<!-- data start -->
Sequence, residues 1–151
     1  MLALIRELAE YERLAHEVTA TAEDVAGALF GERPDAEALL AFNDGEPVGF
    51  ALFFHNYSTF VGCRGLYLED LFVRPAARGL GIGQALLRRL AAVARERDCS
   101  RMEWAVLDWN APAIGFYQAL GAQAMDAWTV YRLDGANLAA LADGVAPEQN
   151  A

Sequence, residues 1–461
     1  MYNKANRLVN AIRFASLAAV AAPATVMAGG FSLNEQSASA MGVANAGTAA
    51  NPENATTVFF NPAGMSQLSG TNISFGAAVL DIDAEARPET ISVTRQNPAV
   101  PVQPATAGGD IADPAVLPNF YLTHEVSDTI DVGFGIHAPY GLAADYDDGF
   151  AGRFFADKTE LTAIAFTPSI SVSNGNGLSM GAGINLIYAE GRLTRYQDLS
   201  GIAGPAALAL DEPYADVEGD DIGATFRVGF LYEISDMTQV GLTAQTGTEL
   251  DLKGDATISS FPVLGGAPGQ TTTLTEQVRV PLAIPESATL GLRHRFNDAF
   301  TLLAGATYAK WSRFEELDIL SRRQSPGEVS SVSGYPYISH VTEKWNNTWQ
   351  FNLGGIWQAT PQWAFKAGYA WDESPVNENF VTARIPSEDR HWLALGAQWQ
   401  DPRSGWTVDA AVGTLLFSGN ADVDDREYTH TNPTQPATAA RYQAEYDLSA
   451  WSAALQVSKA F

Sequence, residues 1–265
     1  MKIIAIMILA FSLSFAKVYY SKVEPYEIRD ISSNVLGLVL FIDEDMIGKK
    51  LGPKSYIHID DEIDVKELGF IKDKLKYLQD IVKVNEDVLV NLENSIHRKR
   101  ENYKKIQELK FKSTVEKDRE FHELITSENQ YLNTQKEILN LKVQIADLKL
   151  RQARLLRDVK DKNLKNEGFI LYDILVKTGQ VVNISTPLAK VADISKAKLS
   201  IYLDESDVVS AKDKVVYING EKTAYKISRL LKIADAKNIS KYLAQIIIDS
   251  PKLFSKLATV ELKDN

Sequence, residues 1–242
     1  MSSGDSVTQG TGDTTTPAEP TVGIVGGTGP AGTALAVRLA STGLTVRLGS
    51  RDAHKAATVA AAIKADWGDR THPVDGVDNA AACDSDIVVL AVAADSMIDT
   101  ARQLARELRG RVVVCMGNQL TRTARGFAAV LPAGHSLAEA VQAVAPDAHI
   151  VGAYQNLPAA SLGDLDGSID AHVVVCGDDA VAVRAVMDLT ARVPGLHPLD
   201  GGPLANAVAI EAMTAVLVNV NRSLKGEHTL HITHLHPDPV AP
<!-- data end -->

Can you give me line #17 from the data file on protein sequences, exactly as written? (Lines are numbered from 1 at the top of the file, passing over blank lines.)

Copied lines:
Sequence, residues 1–265